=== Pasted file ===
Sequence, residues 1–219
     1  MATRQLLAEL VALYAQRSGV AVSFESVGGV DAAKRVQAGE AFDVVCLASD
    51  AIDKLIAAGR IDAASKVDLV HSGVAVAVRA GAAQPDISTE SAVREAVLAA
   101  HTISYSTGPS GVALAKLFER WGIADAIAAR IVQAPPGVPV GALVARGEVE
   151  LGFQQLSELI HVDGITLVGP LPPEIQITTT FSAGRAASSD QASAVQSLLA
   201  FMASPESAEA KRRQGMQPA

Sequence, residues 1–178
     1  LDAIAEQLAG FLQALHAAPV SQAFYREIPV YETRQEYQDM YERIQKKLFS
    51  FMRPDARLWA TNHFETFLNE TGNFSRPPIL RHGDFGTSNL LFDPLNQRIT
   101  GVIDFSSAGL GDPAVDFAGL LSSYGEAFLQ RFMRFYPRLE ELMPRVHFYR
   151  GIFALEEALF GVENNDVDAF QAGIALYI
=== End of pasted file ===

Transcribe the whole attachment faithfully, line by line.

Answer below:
Sequence, residues 1–219
     1  MATRQLLAEL VALYAQRSGV AVSFESVGGV DAAKRVQAGE AFDVVCLASD
    51  AIDKLIAAGR IDAASKVDLV HSGVAVAVRA GAAQPDISTE SAVREAVLAA
   101  HTISYSTGPS GVALAKLFER WGIADAIAAR IVQAPPGVPV GALVARGEVE
   151  LGFQQLSELI HVDGITLVGP LPPEIQITTT FSAGRAASSD QASAVQSLLA
   201  FMASPESAEA KRRQGMQPA

Sequence, residues 1–178
     1  LDAIAEQLAG FLQALHAAPV SQAFYREIPV YETRQEYQDM YERIQKKLFS
    51  FMRPDARLWA TNHFETFLNE TGNFSRPPIL RHGDFGTSNL LFDPLNQRIT
   101  GVIDFSSAGL GDPAVDFAGL LSSYGEAFLQ RFMRFYPRLE ELMPRVHFYR
   151  GIFALEEALF GVENNDVDAF QAGIALYI